Helen Popkin
updated 10/11/2007 6:42:21 AM ET 2007-10-11T10:42:21

OK, everyone. Take a deep breath. It’s happened. As announced Sept. 30 on Radiohead’s official Web site, its seventh Radio LP “In Rainbows,” dropped on Oct. 10. You can download the 10-song collection (with no copy protection!) from the site via the frighteningly new and revolutionary digital pricing plan that allows customers to choose their own price. And yet, the sun managed to rise, the birds are still singing, and those of us with day jobs and no dentist appointment still had to go to work this morning.

Oh yeah … for around $82, you can also pre-order a big-old box set version with lots of extras which you can hold in your hand when it’s released sometime next year. But what’s freaking out the four major music labels left on planet, is this suggested donation bit. Heralded as the new world order, this bold move is  seen by many as a major deviation and — dare we say — blow — to the already ailing record industry.

But the big news with Radiohead's “In Rainbows” may be that there’s actually no new story at all. Unless, of course, you’re one of many hardcore Radiohead fans out-of-their-heads elated because this LP-centric outfit finally followed up 2003’s “Hail to the Thief.” In the long haul (or The Long Tail), Radiohead’s experiment may turn out to be just that — an experiment.

If the pay-as-you-please economic model succeeds, that success will be specific to Radiohead — dependent on its legion of long-haul fans of a certain age who appreciate Radiohead LPs as they’re designed to be, a single entity, not a single song. It’s like Grateful Dead economy, with its concert-trailing Deadheads and “miracles” works only for the Grateful Dead … and maybe Phish.

Meanwhile, it’s worth mentioning that Radiohead didn’t start this revolution. Early dissenters included Trent Reznor, Beck and Barenaked Ladies (BNL). BLN gave away content and drove fans to shows — though by the time the band left its major label it wasn’t selling many records anyway.

Reznor did some creative marketing with Nine Inch Nail’s 2005 LP “With Teeth,” leaking music files via MySpace and strategically-distributed thumb drives. Early on, Reznor recognized that people aren't necessarily paying for the music even when they're buying the CDs. His fans are paying for the coolness, so he found ways to monetize that.

Prince, never a model of rational thought and probably is richer than God anyway, gave away his 2007 LP “Planet Earth” in a British newspaper last July. It was a move that seriously annoyed Sony BMG, who then refused to distribute the CD in England. But Prince did it because he wanted the music to be out there. It was a good publicity stunt for him and we'll see what he does with his revived celebrity vis-à-vis concerts and future albums.

So now here’s Radio, giving you the opportunity to pay what you like. Welcome to the Museum of Guitarless Albums, donations are appreciated. Again, Radiohead probably isn't hurting for scratch. Even if those guys weren't well off, they're treated like indie gods by those around them, so you know, they're doing OK for themselves.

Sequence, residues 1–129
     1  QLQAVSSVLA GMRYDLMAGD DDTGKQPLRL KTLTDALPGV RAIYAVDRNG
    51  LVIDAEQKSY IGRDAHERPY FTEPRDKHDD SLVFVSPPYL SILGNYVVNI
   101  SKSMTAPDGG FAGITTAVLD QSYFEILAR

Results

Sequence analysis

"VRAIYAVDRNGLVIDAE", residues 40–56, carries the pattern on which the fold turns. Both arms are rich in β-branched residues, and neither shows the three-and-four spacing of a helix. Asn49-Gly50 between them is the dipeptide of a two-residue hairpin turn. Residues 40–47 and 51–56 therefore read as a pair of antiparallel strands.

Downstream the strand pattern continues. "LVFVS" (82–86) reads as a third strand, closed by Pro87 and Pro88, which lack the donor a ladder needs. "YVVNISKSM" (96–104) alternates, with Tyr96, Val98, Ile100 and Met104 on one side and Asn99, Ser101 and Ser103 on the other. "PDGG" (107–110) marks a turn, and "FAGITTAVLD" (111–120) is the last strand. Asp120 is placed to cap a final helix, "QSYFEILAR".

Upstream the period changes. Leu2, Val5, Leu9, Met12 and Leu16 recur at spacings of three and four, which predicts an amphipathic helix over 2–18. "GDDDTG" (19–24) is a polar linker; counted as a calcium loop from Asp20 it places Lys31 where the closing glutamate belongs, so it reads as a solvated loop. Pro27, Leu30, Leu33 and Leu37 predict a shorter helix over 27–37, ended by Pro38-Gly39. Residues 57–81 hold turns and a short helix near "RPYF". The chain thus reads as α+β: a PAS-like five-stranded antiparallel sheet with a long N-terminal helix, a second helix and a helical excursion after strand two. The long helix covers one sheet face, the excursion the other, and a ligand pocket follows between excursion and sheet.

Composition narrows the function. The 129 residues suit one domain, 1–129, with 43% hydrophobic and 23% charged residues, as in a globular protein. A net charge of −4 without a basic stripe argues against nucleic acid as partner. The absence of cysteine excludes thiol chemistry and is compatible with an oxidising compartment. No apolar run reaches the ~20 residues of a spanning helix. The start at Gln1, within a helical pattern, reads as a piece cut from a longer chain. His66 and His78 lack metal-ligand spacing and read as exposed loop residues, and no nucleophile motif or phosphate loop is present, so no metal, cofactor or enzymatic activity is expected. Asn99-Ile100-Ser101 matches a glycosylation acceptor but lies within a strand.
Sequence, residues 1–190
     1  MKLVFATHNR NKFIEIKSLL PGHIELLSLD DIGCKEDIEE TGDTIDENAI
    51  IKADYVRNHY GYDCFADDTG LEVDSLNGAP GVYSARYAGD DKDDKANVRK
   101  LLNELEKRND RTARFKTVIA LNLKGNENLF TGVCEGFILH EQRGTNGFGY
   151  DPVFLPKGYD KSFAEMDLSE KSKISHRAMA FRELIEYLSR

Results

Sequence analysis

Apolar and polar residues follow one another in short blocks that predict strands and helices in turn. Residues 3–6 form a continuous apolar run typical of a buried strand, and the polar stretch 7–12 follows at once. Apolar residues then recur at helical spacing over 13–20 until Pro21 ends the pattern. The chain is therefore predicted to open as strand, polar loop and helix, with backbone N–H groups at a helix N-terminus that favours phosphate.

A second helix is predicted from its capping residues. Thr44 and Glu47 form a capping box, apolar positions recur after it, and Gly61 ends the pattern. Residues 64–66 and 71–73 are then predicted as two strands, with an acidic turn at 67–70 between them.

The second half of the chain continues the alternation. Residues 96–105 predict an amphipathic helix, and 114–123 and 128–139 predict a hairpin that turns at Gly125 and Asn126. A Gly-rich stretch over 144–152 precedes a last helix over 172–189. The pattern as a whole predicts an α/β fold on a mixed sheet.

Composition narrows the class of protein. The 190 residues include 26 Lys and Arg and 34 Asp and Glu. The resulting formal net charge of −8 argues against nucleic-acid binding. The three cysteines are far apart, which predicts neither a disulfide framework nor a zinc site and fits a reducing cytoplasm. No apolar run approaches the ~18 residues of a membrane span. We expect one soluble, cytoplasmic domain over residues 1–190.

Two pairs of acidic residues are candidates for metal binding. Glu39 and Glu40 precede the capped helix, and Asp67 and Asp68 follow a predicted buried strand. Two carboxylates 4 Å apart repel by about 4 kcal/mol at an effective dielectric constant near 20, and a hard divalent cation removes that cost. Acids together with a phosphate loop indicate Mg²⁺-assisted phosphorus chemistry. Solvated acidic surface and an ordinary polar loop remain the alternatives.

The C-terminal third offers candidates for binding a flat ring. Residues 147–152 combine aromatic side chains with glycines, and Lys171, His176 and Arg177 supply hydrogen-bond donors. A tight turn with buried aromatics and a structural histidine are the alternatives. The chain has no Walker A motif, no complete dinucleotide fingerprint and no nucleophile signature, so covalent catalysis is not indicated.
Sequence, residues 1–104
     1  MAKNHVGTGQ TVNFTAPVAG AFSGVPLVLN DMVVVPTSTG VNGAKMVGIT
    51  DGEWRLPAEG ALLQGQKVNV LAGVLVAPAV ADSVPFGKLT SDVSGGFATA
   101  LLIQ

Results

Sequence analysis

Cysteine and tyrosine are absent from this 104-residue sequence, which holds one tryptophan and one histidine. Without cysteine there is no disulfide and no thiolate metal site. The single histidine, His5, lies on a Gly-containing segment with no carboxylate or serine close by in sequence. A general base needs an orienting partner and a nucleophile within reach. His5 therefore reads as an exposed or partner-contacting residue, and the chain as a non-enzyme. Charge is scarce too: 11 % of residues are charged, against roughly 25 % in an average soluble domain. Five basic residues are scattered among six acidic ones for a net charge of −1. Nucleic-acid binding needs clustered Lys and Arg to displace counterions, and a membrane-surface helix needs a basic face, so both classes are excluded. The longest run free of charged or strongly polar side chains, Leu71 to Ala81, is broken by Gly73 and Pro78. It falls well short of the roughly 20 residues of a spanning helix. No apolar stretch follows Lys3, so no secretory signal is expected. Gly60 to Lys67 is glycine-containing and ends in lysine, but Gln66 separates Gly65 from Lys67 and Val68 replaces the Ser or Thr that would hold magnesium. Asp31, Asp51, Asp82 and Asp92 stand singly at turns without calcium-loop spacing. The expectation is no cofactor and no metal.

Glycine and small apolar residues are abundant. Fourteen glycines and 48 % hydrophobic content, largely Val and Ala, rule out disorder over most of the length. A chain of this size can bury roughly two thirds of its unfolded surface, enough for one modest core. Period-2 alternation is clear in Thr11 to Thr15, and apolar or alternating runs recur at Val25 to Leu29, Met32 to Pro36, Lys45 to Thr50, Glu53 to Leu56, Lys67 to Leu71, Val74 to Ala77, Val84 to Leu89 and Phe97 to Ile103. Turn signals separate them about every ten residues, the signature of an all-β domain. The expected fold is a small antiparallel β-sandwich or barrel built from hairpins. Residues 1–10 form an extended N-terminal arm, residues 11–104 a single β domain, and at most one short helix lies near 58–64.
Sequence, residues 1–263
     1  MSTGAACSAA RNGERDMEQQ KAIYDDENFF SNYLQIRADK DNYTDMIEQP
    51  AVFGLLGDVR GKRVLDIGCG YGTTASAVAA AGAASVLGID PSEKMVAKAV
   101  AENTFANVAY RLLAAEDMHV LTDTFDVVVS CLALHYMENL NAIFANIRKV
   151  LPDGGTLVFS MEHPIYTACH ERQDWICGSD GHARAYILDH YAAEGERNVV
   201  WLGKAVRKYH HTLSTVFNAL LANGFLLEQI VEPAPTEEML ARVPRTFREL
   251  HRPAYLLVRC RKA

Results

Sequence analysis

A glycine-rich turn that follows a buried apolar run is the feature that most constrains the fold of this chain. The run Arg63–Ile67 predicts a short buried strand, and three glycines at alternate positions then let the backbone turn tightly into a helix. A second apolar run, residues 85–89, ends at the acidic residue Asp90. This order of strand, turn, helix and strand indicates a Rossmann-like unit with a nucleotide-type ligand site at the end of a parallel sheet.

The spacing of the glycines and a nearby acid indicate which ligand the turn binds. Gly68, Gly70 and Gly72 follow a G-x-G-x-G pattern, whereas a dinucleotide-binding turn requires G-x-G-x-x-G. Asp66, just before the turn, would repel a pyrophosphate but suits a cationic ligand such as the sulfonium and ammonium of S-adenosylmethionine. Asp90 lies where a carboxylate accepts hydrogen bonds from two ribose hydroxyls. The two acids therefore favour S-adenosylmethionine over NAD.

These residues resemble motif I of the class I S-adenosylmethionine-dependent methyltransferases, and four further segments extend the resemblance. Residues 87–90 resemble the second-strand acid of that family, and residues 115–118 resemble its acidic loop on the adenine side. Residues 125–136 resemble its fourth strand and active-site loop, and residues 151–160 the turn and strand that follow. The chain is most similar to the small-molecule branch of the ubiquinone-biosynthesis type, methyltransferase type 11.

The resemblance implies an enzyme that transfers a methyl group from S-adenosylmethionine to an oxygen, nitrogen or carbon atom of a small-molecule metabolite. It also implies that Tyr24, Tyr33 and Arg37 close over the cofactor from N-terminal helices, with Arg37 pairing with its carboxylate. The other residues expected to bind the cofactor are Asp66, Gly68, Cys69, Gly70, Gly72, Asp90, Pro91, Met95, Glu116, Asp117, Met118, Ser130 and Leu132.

Still, the question for these maverick musicians is: How do you make money off your labors if you give away the fruit for free? For us poor rubes opening our wallets, it’s: Why are we paying the middle man so much?

For musicians, the first question is a fallacy. No one ever sold a piece of music more than once. Music is reproducible the moment you hear it via humming or memory. What you're selling is convenience, fidelity, a good show, etc. Same goes for movies. I recently tried out Bit Torrent and now my computer has herpes. Thanks, Internet!

Plus, it takes for-ding-dang-ever to download anything. The obvious solution is to spend a few bucks and buy the movie on DVD or On Demand and tape it. Torrent is good for finding things that are hard to come by, but most people are here for the convenience.

So, the new approach for these musicians is not to sell the music, but use it. Use it to drive ticket sales. Use it to interest people in purchasing the less-easily-copied album art. Use it to help their creative process. Use it to get back on the musical radar.

Now, let’s talk about us, the mere miserable consumers. Labels get bent out of shape because they know how to monetize the delivery of the medium. They're less inclined to think about other ways of "leveraging" music. And frankly, screw those guys. Labels make rootkit holes in our computers, while these musicians don’t do copy prevention. I don’t know about you, but this makes me much more inclined to buy whatever else said musicians are using the music to market.

In fact, who isn’t more inclined to buy music from musicians who leave Sony, just for the value of sticking it to Sony? And not to get all maudlin about freedom of music and all that hippy crap, but seriously. When has the best paid artist been the most interesting or most talented? OK, you've got Eminem. But who else?

Finally, no one’s asking whether entertainers actually deserve all that bling. It's not like they're curing cancer or teaching our children for cryin’ out loud.  They're the lucky beneficiaries of a wrinkle of the mega-economy.

Musicians create things that people like, but they can market those things on a huge scale without a lot of hassle. These days, they get to where they are precisely because with a little bit of equipment their product is easy to reproduce (it's easier to recreate a CD than a loaf of bread, for instance). Now that the means of reproduction are in the hands of the many, perhaps stars will get paid a bit more in line with what they're worth.

That is, whatever we're willing to pay to get more.

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